The change in retirement has been pronounced over the last 30 years. Gone are the days of retiring on a specific date with a guaranteed final salary pension that would pay for next 10 -15 years. All of the investment risk for delivering the pension income sat with the pension trustees, so many individuals did not need to plan for retirement as such.

Now, retirement is a gradual process from full-time working to semi-retirement to full retirement. The lucky few still have some form of guaranteed defined benefit pension, with most retirees having a money-purchase pension, if they have saved at all. Retirement can now be 20-25 years long and has its own stages, with many retirees being more active in the early years, then spending less in mid to late retirement, with the prospect of paying for care in late retirement increasing their spending.

On the plus side, there is now more flexibility than ever before about how and when you take your pension. The downside is that the onus for planning for retirement and the investment risk has shifted to the individual.

So how do you plan for retirement?

I always recommend sitting down with a qualified financial planner to discuss your requirements fully. They will have helped hundreds of people plan for retirement, so they will think of things that you wouldn’t necessarily consider.

However, there are some basic things that can be done to make a start.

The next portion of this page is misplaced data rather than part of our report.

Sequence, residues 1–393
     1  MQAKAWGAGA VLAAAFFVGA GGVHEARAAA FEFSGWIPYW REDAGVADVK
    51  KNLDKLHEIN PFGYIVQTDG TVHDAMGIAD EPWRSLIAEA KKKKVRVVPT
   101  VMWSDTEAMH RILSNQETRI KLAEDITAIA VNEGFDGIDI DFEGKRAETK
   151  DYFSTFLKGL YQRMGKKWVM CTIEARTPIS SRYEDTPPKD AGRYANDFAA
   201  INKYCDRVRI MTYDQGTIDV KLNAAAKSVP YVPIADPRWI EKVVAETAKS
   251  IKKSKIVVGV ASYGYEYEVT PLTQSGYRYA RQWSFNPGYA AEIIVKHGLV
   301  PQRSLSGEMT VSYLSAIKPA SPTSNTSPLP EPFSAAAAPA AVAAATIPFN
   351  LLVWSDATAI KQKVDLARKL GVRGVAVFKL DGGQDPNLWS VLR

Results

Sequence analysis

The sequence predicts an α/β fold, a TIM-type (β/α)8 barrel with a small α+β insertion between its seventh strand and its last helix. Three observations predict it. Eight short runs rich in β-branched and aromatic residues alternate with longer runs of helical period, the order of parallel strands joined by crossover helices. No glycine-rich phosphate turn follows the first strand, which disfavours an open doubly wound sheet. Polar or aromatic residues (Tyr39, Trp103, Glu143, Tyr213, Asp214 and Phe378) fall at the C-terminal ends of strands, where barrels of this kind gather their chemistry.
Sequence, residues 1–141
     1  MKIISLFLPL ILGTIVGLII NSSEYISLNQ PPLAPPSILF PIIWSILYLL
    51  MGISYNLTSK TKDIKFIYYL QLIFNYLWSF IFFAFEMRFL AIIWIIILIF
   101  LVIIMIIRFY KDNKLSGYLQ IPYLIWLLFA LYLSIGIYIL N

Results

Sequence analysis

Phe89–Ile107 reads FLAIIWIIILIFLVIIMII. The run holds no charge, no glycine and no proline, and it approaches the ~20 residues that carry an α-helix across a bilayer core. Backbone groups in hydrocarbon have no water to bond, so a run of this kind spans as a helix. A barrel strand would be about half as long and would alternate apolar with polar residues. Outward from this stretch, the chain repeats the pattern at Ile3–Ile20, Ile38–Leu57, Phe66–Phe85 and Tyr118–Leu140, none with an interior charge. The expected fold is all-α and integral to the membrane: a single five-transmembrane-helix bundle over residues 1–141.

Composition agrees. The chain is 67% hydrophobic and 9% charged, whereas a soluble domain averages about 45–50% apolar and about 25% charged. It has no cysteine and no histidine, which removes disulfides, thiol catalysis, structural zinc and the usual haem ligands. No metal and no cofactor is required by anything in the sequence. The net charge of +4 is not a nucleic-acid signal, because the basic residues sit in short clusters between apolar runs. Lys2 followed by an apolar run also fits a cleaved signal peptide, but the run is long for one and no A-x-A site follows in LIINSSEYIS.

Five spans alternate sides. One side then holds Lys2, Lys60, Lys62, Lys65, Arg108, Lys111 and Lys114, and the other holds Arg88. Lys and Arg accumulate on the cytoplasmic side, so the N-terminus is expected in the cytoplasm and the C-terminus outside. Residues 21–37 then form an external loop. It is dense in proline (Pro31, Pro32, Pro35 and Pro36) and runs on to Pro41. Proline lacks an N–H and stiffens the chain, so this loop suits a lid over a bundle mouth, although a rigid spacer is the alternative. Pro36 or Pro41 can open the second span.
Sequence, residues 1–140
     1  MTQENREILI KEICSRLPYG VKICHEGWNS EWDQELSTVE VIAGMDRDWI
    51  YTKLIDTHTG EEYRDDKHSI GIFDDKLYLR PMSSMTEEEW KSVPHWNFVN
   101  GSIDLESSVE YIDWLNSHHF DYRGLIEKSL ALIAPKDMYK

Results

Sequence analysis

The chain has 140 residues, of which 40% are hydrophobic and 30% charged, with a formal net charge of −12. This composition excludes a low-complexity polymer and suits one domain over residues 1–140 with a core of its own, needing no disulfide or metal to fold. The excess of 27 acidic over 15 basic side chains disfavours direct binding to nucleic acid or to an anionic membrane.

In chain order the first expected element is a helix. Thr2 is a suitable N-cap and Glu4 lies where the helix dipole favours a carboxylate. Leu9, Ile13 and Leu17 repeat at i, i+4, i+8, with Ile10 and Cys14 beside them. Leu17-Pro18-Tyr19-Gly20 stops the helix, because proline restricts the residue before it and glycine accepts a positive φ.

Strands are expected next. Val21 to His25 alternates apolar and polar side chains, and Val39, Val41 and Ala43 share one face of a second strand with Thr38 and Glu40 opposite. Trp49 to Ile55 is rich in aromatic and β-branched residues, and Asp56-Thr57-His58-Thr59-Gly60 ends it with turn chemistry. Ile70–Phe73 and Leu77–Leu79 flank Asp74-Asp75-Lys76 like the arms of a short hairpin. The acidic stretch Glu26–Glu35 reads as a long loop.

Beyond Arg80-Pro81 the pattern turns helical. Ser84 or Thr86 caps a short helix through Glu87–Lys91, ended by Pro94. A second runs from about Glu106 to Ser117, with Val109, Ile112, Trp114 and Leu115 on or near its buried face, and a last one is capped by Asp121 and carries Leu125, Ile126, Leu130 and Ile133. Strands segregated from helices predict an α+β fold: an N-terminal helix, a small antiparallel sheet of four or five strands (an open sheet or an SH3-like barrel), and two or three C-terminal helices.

1. “Start with the end in mind”. This famous phrase from Steven Covey’s book perfectly sums up where to start with retirement planning. Most of the clients that I have worked with who have achieved the retirement that they wanted had some idea of what they wanted whilst they were working. So consider:
    • When would you like to retire?
    • What would you like to do in retirement?
    • Will your spending be same throughout retirement or will it change?
  2. Work out how income you will need. I generally avoid broad brush rules such as achieving 2/3rds working income and focus on specific numbers that we know. Work out what you currently spend your income on. This will be a mixture of things such as mortgage or rent, utility bills, food, insurances etc.
  3. From this list, remove spending that will stop when you retire, such as mortgage payments (which will hopefully be paid off), life insurance designed to repay the mortgage, work related expenses etc.
  4. Add on the cost of things that you would like to do in retirement that you do not currently do, such as additional holidays, golf membership etc. This will give you an annual income target in today’s terms.

Of course, there may be more things to consider depending on an individuals situation and requirements, but the above four steps outline the basis of calculating your target income which is one of the first steps in a retirement plan.

If you would like to speak to a member of WBW Chartered Financial Planners about a retirement plan or any other financial planning related queries that you may have, then you can arrange a free telephone consultation for this week only as part of CISI’s Financial Planning Week 2019. To arrange a free consultation, please call 01626 202340 or email